Get to know one of our Hampden County Food Rescue Coordinators, Jon Burdick, in this Q&A.
The most gratifying part for me is being able to save food from stores for individuals and families so they are then able to eat for that day, week, or maybe even the month. It’s sad to see the amount of people struggling to eat, but being a part of a team that helps to counteract [food insecurity] really hits home for me.
One myth that I’d like to bust is about the job itself: that it’s easy and always straightforward. By no means are we just going to stores and picking up what they don’t want or can’t sell. It really starts from building partnerships with vendors, nonprofit beneficiaries, and other community organizations and planning out efficient daily routes and schedules.
My day consists of lifting heavy boxes and driving [safely] through traffic to get to each stop on time because we pick up and deliver within the same day. Most of the vendors and beneficiaries I work with only see me on the road day-to-day. Some don’t realize there’s a whole team of people who support me at the office, from operations to marketing u0026 communications and development to leadership, etc., making this whole organization work. Bridging the gap between abundance and need is a hard job and no small feat, but it’s every bit satisfying when you see the impact of what we do firsthand.
My best strategy is to be quick and efficient but don’t rush. I take my time and ease into stops and turns when driving, otherwise I may end up with a truck full of toppled boxes, and that can really ruin a day. I also like to keep myself motivated with directives and timelines and remind myself throughout the day to keep moving.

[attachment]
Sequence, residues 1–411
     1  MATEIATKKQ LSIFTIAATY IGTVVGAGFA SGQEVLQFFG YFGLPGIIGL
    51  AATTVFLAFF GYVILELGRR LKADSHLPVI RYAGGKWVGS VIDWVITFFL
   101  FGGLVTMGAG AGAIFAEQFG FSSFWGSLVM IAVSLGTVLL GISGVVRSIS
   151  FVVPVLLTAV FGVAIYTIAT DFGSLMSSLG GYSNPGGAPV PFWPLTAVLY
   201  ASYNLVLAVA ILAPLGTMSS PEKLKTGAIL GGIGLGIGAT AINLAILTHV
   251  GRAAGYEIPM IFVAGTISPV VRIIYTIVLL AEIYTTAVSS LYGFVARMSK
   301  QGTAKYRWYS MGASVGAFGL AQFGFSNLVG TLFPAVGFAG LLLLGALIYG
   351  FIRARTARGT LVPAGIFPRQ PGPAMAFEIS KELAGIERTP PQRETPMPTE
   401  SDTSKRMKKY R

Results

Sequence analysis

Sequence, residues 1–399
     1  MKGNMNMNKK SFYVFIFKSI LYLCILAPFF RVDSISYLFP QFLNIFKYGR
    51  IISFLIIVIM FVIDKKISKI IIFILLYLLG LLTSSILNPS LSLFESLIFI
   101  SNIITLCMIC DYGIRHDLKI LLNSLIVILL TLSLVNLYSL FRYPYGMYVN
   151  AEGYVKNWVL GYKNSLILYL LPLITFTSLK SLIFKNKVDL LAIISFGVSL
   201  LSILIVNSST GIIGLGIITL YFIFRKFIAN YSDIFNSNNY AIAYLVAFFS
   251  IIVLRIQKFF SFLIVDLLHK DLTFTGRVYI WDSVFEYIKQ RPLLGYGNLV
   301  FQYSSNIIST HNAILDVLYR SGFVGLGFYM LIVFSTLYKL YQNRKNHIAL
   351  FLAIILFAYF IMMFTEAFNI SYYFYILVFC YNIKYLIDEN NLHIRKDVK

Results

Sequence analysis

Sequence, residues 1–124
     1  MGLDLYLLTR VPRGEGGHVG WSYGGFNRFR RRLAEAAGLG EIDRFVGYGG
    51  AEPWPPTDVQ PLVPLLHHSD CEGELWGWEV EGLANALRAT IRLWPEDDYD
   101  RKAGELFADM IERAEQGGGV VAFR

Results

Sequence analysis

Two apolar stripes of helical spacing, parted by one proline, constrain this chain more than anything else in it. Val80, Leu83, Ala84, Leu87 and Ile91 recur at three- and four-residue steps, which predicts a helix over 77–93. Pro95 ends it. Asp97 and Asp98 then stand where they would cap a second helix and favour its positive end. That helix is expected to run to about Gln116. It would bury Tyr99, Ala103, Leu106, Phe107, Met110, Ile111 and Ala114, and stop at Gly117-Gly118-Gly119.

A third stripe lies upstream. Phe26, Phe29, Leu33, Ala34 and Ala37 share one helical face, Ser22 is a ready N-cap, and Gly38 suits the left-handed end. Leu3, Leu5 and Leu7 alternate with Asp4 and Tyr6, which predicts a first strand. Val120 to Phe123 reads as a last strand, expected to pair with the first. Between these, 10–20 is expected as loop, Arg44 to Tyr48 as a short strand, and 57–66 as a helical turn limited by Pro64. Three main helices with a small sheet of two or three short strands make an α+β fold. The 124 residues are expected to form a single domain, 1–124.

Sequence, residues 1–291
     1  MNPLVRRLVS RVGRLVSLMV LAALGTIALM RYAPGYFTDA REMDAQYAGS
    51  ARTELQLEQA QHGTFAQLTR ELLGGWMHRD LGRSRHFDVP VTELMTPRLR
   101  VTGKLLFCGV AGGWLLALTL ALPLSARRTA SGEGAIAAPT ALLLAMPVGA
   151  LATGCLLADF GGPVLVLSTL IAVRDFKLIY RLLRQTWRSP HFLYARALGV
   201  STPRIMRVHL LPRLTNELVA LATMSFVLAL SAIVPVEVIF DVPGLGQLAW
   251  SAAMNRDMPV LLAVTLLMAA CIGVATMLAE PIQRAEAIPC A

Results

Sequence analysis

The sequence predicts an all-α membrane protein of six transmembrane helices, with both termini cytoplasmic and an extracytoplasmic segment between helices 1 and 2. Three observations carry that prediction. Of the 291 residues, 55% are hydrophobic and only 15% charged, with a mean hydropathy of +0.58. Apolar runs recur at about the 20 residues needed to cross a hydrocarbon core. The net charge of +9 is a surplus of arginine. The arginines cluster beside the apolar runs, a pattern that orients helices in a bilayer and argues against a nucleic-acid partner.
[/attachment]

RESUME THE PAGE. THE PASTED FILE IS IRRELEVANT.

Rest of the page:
Pretty much all of the folks who work in the “trenches” of the nonprofits truly inspire me on a daily basis. But most recently, I’d have to say Deacon Bill at House of Refuge International in Chicopee has been inspirational and admirable to me. He’s pleasant and cordial in our conversations and is always accommodating. He’s a very hard worker who’s known to work “8 days a week” to keep his program in tip-top shape. He is helpful when off-schedule deliveries are needed and also to offload any produce not fit for consumption to be composted at his friend’s garden farm.
Some of the wildest things I have seen for donations are chicken paws (chicken feet), beef hearts, and various types of pumpkins and gourds this time of year.
If I wasn’t a Food Rescue Coordinator, I’d probably be working in a kitchen somewhere, still feeding hungry people, but by cooking. That’s what I did for years before I transitioned to this line of work. I find this job really gratifying, and I am pretty content with putting the work in and just keep moving forward.
When I’m not rescuing food, I’m running my website and store where I sell vintage t-shirts and vinyl records.
Learn more about John Burdick and the other members of Team Lovin’ on our staff page.